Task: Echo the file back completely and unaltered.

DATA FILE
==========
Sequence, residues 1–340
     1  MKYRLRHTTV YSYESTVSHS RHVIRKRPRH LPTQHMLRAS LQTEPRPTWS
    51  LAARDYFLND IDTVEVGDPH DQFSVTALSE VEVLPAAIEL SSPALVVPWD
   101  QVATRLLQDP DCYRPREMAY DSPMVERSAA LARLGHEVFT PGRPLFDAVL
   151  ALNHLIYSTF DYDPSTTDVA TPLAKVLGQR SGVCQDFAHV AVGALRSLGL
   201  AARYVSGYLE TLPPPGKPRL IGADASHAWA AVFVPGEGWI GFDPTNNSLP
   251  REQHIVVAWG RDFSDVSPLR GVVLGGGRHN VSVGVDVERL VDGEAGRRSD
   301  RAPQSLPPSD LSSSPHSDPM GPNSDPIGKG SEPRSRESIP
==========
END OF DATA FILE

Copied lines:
Sequence, residues 1–340
     1  MKYRLRHTTV YSYESTVSHS RHVIRKRPRH LPTQHMLRAS LQTEPRPTWS
    51  LAARDYFLND IDTVEVGDPH DQFSVTALSE VEVLPAAIEL SSPALVVPWD
   101  QVATRLLQDP DCYRPREMAY DSPMVERSAA LARLGHEVFT PGRPLFDAVL
   151  ALNHLIYSTF DYDPSTTDVA TPLAKVLGQR SGVCQDFAHV AVGALRSLGL
   201  AARYVSGYLE TLPPPGKPRL IGADASHAWA AVFVPGEGWI GFDPTNNSLP
   251  REQHIVVAWG RDFSDVSPLR GVVLGGGRHN VSVGVDVERL VDGEAGRRSD
   301  RAPQSLPPSD LSSSPHSDPM GPNSDPIGKG SEPRSRESIP